Following Jesus involves our not only accepting His forgiveness but it also requires us to break ourselves. To open ourselves up to let the Holy Spirit change us from the inside, filling us with love and patience, and goodness, and changing how we relate with one another. Forgiveness presents a great opportunity for us. It creates space for new life and new avenues of thought. It heals us and takes us out of darkness into light, and as Christ shows us, from death to life. Forgiveness is an act of hope and a way of resurrection for us to begin relationships anew. Every Sunday, and every day if you have a regular prayer habit, we say the Lord’s prayer, and in it we ask “Forgive us our trespasses as we forgive those who trespass against us.” We pray those words with ease but how do we then live them out? Do our actions later on support our request in this prayer? By letting go of negative thought, resentment and anger we allow ourselves space for grace us to enter in, so that we might live and love again.

Matthew earlier along in this gospel reminds us “If you do not forgive men their trespasses, neither will your Father forgive your trespasses.”  (Matthew 6:14-15). When we hear this, it can almost be offensive. It makes God seem almost coldhearted and uncaring. But it is written in such a way that it forces us to put aside any wiggle room. It keeps us from deceiving ourselves that holding onto destructive pain that others have caused us is okay, and that we really don’t need to forgive that person again and again. Jesus reminds us there is no wiggle room; “Not seven times, but, I tell you, seventy-seven times.” The GREATEST reason God instructs us to forgive those who wrong us is for our own good. Forgiveness allows us to hold onto hope instead of anger, and a future instead of the bitterness of the past.

So how do we begin to forgive? There is no easy answer, Forgiving takes time and work and prayer. Its something we must practice every day. And it begins with recognition and thanksgiving that we have already been forgiven. That forgiveness does not originate in us. It began with God and is about God and his hope and the deep love he has for us as his created. He recognizes that in our brokenness we require forgiveness again and again, and that we also require the chance to try again. In his love for us, he offers us choice and a chance to get it right if we fail. And in response, we through our breaking ourselves open in turn do the same, we reach out and forgive. And we must always remember; we do not simply choose to forgive, we choose to share the love and forgiveness we have already received. And then we share that forgiveness again, and again, and again. “Not seven times, but, I tell you, seventy-seven times.” A practice that we live into freely and openly, because forgiveness is the choice God calls us make.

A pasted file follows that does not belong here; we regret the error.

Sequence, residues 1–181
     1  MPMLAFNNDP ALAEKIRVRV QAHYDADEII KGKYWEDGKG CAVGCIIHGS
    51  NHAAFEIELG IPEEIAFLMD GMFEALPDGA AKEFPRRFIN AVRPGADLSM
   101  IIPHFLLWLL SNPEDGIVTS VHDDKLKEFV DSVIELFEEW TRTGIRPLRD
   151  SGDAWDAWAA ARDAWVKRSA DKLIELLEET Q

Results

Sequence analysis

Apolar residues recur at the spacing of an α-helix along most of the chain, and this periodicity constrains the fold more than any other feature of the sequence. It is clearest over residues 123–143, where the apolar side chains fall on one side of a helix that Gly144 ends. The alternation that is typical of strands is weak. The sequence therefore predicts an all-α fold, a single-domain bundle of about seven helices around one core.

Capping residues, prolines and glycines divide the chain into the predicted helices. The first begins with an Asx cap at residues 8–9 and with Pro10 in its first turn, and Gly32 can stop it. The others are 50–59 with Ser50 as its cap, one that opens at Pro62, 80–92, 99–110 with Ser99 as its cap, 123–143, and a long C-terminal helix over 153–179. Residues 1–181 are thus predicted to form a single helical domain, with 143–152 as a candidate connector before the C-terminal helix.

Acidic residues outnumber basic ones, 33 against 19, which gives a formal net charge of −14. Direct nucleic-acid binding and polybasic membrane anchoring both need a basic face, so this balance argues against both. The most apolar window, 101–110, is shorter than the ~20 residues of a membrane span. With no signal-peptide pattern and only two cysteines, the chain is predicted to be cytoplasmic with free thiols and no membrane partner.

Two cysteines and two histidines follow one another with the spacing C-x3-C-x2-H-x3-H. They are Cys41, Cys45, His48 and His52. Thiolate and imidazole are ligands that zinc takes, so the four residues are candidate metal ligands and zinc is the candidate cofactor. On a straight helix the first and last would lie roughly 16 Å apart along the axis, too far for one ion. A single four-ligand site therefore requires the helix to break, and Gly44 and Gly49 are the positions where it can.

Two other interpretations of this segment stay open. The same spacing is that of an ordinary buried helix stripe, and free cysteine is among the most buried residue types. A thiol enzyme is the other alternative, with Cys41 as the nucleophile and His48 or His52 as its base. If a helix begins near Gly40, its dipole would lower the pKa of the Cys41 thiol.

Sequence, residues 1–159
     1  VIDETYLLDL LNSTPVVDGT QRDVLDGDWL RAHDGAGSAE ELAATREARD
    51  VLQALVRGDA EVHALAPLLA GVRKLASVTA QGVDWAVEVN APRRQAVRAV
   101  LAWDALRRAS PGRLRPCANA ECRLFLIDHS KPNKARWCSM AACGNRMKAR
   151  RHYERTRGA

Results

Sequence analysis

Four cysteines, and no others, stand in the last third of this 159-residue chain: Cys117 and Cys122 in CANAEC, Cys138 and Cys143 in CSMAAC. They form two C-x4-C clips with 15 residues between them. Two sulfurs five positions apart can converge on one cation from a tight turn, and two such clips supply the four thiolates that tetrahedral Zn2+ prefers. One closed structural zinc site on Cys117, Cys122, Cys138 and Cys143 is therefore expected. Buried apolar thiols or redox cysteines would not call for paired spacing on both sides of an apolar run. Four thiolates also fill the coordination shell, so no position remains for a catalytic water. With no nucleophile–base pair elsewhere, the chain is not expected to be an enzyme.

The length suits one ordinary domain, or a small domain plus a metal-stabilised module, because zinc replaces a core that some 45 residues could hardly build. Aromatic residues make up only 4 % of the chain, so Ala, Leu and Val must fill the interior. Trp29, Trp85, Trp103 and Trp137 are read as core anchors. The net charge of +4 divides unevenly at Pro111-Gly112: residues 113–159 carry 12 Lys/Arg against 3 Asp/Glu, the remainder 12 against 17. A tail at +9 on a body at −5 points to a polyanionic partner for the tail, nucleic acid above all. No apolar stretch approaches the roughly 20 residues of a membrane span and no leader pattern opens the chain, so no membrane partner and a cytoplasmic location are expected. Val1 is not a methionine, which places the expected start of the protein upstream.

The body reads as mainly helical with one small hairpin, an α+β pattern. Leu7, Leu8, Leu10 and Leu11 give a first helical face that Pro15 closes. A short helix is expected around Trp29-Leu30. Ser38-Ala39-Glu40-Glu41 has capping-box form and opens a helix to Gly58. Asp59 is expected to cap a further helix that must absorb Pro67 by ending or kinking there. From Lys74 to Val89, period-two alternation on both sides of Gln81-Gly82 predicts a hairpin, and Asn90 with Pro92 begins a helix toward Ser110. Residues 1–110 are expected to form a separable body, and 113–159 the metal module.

So let us pray;
Gracious and loving God, whose Son our Savior Jesus Christ was lifted high upon the cross that he might draw the whole world to himself: Mercifully grant in your love for us to help all of us to forgive as we have been forgiven.  Heal our emotions that have been wounded and teach us how to love and forgive unconditionally as you forgive us. Continue to extend Your love and mercy toward us, reminding us through the power of your Holy Spirit to use Your power, living inside us, which helps us in all things.  Help us to forget the past so that we can move forward to the future you wish for us as we press toward the mark of our higher calling in Christ Jesus. AMEN


I'm a priest in the Episcopal church who responded to the call when the voice said "who shall I send" This blog is a holding place for sermons past and present. These sermons are not necessarily in order by any particular date given.